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Crypto for Beginners: All the Resources You Need to Get Started

Sogand Shamsaria

over 1 year ago ·

7 min read

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This is a LIY (learn it yourself) guide for all you who have lost count on how many times you’ve heard ‘buy the dip!’ but don’t know what to do about it. For those that want to keep up with work colleagues harping on about ‘Blockchain’, ‘Ethereum’ and ‘DeFi’; we got chu too.

We’ve broken down topics relevant to the industry into separate categories, and offered a range of valuable mixed-media resources that will help onboard you. The resources are divided into start (basics), deep dive (more technical) and keep going (subscribe to) modules.

We’ve also included an easy-to-follow guide for those wanting to officially dive into the rabbit hole. This section will cover which crypto exchanges to use, which crypto wallets to store your coins on and which DeFi applications you can participate in to grow your funds.


Blockchain is a new type of database that stores collected information in blocks that are chained together cryptographically. It is like a digital ledger that can potentially store any information; health insurance details, a student’s school grades, property agreements or monetary transactions to name a few.

What makes blockchains a better alternative to traditional databases (think paper filing or centralised databases controlled by one party) is its security, near-immutability (unable to be changed) and transparency. Each block is secured with a cryptographic hash and time-stamped. In its purest form a blockchain is completely decentralised too so no single person or group has control over it.

There are many applications of this digital ledger technology including cryptocurrency (payments), finance, tokenisation of real-world assets like stocks and real estate as well as digital art, video games and collectibles.

Privacy-respecting and crypto-rewarding browser Brave is a cool example of using blockchain technology to disrupt the way things are done on the internet; it pays users in crypto tokens (BAT) for opting into ads. Read Why is Brave the best new browser? to find out more, make the switch and get a taste of life on the blockchain.


How Blockchain is Changing Money and Business video

Simple explanation with graphics

Applications offered on blockchain

Why decentralization matters

Deep dive:

Back end tech visualized


One of the most important problems that any digital payment network has to solve is double-spending; a fraudulent technique of spending the same amount twice. The traditional solution was a trusted third party - a central server - that kept records of the balances and transactions. However, this method always entailed an authority basically in control of your funds and with all your personal details on hand.

Cryptocurrency or ‘crypto’ is a digital currency that can be traded for goods and services or invested. It is the first currency that circumvents the involvement of third party financial institutions. Instead, it uses blockchain technology and cryptography to record and verify transactions between a network of peer-to-peer computers.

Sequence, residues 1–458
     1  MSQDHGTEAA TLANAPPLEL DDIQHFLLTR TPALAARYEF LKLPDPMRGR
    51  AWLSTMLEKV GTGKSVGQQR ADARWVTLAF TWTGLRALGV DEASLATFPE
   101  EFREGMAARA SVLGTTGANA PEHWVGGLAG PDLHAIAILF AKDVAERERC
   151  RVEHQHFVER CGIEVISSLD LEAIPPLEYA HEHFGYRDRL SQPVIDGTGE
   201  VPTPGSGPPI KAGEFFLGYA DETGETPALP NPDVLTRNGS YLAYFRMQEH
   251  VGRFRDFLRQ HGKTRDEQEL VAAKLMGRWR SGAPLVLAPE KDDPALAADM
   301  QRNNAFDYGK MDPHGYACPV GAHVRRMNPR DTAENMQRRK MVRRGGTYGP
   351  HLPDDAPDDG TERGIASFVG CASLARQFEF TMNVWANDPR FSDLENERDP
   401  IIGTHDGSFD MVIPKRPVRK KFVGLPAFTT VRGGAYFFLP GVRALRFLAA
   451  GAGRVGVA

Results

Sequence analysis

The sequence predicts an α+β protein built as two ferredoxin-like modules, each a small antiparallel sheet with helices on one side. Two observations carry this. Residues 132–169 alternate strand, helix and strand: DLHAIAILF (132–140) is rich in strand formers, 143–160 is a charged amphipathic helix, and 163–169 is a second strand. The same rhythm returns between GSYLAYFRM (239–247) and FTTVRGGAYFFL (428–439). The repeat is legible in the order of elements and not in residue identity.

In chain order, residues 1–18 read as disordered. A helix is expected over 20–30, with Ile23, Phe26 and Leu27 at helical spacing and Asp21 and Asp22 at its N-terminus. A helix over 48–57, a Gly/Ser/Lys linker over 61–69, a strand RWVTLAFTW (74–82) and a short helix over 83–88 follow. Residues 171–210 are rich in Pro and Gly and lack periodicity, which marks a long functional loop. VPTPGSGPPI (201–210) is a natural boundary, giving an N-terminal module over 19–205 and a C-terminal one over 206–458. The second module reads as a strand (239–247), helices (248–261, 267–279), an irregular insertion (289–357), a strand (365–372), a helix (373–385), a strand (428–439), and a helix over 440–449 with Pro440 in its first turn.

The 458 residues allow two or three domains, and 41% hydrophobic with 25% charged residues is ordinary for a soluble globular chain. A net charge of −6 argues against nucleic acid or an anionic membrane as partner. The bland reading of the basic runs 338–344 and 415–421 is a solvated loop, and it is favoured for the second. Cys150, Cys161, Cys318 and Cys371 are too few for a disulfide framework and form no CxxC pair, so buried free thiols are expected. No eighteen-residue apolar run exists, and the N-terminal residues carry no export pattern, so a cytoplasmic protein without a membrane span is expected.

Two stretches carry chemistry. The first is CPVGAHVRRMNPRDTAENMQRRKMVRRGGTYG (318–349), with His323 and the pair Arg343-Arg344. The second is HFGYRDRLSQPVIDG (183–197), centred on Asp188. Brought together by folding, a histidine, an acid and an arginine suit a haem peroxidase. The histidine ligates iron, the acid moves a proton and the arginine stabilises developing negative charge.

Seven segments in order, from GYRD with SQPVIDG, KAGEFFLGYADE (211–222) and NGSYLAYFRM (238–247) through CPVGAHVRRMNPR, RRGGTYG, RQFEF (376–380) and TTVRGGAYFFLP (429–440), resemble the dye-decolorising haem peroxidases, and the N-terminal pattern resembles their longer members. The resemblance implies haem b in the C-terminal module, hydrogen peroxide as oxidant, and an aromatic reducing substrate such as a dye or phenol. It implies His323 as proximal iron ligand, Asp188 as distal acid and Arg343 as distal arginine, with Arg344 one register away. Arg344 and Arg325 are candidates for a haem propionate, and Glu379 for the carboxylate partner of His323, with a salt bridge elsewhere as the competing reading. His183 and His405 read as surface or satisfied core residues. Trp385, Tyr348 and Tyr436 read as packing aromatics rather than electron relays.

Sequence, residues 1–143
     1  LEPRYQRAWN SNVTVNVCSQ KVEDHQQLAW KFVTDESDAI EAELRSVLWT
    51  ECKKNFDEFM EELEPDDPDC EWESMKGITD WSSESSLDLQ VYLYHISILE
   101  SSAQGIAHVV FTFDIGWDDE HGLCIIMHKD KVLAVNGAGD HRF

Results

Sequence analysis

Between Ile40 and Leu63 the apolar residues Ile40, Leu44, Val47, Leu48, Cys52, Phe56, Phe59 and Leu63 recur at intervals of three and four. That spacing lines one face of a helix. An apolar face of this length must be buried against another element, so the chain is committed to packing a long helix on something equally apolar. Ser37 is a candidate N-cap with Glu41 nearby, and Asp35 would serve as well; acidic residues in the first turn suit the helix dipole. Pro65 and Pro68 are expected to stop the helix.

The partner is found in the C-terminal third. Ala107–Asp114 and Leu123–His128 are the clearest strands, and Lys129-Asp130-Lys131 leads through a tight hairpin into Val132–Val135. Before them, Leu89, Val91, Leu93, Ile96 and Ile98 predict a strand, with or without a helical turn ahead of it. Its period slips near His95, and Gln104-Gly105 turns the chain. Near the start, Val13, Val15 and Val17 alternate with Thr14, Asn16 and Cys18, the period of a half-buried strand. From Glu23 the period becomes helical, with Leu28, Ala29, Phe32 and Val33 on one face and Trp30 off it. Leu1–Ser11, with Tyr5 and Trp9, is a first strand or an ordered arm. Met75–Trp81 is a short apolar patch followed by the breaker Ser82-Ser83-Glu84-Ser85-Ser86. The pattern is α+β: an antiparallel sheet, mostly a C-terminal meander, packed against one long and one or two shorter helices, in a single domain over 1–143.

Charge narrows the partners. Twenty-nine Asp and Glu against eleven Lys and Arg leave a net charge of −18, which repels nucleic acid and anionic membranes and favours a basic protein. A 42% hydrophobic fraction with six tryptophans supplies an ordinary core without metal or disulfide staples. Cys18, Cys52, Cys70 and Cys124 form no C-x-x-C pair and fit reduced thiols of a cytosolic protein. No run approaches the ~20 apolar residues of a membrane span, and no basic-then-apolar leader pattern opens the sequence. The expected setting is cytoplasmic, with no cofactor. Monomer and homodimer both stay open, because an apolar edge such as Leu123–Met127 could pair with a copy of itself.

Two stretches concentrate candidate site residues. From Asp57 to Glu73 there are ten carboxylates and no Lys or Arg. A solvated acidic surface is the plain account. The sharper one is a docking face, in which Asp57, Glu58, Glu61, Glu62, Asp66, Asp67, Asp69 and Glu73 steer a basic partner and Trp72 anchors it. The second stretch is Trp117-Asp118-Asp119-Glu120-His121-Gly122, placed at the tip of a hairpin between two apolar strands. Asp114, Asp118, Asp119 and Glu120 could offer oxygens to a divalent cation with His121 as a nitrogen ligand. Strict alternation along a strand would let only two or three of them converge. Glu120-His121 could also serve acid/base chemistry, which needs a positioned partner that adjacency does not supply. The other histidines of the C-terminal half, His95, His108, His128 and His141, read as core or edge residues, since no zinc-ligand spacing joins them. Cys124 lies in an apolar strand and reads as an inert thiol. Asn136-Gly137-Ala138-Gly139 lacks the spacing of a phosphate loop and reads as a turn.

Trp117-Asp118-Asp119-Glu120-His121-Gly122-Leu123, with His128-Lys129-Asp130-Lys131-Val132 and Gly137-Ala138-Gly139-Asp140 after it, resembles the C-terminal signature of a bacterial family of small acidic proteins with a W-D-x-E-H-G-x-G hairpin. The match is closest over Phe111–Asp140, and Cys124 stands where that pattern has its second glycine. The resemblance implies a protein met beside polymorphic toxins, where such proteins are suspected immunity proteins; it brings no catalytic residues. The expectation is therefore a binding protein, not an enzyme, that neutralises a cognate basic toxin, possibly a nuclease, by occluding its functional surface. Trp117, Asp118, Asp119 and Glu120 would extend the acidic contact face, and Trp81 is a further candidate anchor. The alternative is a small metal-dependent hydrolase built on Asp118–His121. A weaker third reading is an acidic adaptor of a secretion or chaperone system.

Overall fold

How cryptocurrency will change the world

Glossary of most popular crypto terms and phrases

Glossary of more technical definitions

Coursera course

Deep dive:

Vice documentary

How crypto can help rogue nations

Keep going:

Conversations with crypto pioneers

List of people to follow on Twitter

Best crypto podcasts

Breaking news in crypto and here


Satoshi Nakamoto developed Bitcoin in 2008; the first form of cryptocurrency that was built on blockchain. Similar to gold or precious stones, it is a scarce resource with only 21, 000, 000 Bitcoins existing. They are produced by high-powered computers solving complex mathematical algorithms (known as ‘mining’).


Bitcoin whitepaper

Why Bitcoin matters

What is Bitcoin and Why Does it Matter video

For the open-minded skeptic

Deep dive:

Why network speed is not indicative of Bitcoin's success

Bitcoin mining article

Energy consumption of Bitcoin

Keep going:

The What Bitcoin Did Podcast

Stephan Livera Podcast


Launched in 2015 by Vitalik Buterin, Ethereum is much more than just a simple cryptocurrency; it’s an open software platform built on blockchain technology that enables developers to build and deploy decentralised applications (dApps). Within the Ethereum platform, is a cryptocurrency called Ether (eth) that is used as the native currency of the network. Eth is needed to cover the cost of transaction fees charged by the network to use applications built on the Ethereum blockchain.

Ethereum aims to change how the internet works, because, for the first time it allows online computer systems to run without using any third party. Decentralised applications consist of ‘smart contracts’, rules written in computer code which can execute any imaginable logic without requiring trust in a third-party. The most basic application of a smart contract could be a decentralised vending machine. The vending machine would hold token XYZ and instantly send token XYZ to whoever sends Ether into the vending machine smart contract. This could happen automatically without any company being required to mediate between buyer and seller.

Perhaps the most popular application of the Ethereum blockchain is Decentralised Finance (DeFi), a set of financial applications that allow users to trade, borrow, lend and do all sorts of other transactions traditionally associated with banks, without requiring a bank. The Ethereum blockchain, unlike bitcoin's, also allows issuing tokens onto the platform and transacting them over the network.


Ethereum whitepaper